Internal Revenue Service Settlement Initiatives for Conservation Easement and Micro-Captive Insurance Transactions
By Patrick Mullin, Director, Tax & Business Services
The Internal Revenue Service (“IRS”) is providing settlement opportunities for taxpayers who have participated in syndicated conservation easement or micro-captive insurance transactions. They have viewed these transactions as abusive and have made it a priority to identify and audit taxpayers that have claimed tax benefits for participation in these transaction. The IRS has been very successful in Tax Court of late, and as a result, the Service is providing taxpayers a path to resolution that can reduce penalties and costs of litigation.
Syndicated Conservation Easements
The IRS chief counsel released a notice which contains information regarding a settlement initiative for certain pending Tax Court cases for taxpayers that participated in a syndicated conservation easement transaction.
While some promotors are attempting to distinguish their arrangements as different, or better, than the ones involved in the court cases, the IRS has many arguments for disallowing the tax benefits claimed in a conservation easement transaction. The IRS is encouraging taxpayers to seek competent, independent advice from an advisor experienced in and knowledgeable about these transactions who is not affiliated with or recommended by the transaction promoter.
The IRS has been very successful in litigating syndicated conservation easement transactions is coordinating with agents and chief counsel attorneys to identify cases for fraud possibilities and the possible imposition of a 75% civil fraud penalty or referrals to criminal investigation.
The settlement requires the concession of the tax benefits claimed and imposes penalties. The initiative will allow participants to deduct the cost of acquiring their partnership interest and will require a penalty of at least 10%. Promoters will not be allowed any deductions and must pay the maximum penalty, typically 40%.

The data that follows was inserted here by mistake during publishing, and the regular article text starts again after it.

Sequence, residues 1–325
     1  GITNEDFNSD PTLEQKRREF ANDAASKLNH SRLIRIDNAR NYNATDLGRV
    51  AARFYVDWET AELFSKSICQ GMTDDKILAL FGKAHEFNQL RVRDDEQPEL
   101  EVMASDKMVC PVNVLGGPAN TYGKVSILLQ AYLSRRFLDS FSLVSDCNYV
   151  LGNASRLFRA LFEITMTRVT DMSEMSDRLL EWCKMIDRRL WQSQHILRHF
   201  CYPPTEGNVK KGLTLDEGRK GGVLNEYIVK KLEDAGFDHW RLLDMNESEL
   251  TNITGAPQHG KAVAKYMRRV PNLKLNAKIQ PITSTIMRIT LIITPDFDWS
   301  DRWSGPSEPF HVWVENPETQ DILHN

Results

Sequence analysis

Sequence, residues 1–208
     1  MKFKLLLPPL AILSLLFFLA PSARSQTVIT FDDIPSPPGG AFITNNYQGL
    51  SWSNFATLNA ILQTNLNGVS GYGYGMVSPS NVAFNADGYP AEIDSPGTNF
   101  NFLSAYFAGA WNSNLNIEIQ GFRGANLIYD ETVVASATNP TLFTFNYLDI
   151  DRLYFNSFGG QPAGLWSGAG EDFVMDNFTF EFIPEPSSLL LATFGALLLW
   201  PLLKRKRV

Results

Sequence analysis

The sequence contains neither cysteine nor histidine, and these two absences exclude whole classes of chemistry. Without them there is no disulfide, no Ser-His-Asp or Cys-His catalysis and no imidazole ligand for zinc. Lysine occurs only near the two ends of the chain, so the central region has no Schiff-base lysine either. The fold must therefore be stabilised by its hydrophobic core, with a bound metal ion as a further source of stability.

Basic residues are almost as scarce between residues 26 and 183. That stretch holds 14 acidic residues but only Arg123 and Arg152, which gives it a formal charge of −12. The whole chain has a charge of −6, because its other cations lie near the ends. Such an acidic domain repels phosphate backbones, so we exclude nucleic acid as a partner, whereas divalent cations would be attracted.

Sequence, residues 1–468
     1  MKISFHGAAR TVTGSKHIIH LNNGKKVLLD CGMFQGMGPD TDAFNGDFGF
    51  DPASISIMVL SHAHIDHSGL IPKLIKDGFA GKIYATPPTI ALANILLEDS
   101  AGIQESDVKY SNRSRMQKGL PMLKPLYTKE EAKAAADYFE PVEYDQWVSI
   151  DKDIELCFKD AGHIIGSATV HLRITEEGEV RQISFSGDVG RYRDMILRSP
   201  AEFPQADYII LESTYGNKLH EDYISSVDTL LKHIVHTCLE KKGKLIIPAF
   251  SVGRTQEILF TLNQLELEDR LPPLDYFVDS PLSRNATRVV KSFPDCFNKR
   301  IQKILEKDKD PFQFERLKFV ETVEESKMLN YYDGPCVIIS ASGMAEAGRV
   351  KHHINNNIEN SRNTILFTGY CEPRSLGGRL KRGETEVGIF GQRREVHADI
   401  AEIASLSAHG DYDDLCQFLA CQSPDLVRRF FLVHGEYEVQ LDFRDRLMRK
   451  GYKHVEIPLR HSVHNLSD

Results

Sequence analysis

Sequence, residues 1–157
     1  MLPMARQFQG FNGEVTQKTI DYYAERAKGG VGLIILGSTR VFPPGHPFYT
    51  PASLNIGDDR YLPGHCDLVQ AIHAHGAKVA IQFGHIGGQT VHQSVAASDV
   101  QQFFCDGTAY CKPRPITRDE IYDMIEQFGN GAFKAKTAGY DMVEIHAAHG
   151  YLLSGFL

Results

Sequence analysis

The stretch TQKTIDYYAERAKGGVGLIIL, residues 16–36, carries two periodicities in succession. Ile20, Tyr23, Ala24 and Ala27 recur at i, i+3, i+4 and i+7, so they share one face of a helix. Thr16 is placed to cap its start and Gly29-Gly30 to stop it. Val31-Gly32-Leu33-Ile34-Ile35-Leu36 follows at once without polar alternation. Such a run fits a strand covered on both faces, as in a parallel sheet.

The IRS will be sending settlement offers to taxpayers who participated in micro-captive insurance transactions with at least one open year under exam. Taxpayers who rejected the first settlement offer may be eligible, but with less favorable terms than the original settlement offer from the IRS. Taxpayers with unresolved years with the Office of Appeals may be eligible, but taxpayers with cases in Tax Court generally are not.
The settlement offer follows the initial round of settlement offers in 2019 after a number of IRS victories in Tax Court. The IRS is encouraging taxpayers to consult with an independent tax advisor knowledgeable about these transactions and to consider exiting these arrangements and not claiming the tax benefits.
The IRS continues to aggressively identify abusive captive arrangements and deny tax benefits claimed in these transactions. Because these transactions involve related parties, the tax increase can occur on both sides of the transaction. This can be the denial of a deduction to one entity and an increase in taxable income to the other. In addition to the tax increases, penalties are likely apply to both of the related entities as well. The total tax, penalties, and interest can approach or exceed the amounts invested in the micro-captive arrangement.
The settlement requires a substantial concession of the tax benefits claimed and imposes penalties that may be mitigated if the taxpayer meets certain criteria. Taxpayers that do not participate can expect to have a full disallowance of the tax benefits and the full imposition of all applicable penalties.
In both situations, participating taxpayers can expect to have the tax benefits reversed under audit. As the IRS ramps up its audit efforts in these areas, it may be a good time for participating taxpayers to seek independent advice and review these settlement options to determine if a settlement may be the best course of action.
Contact your Marcum professional with any questions or for further assistance.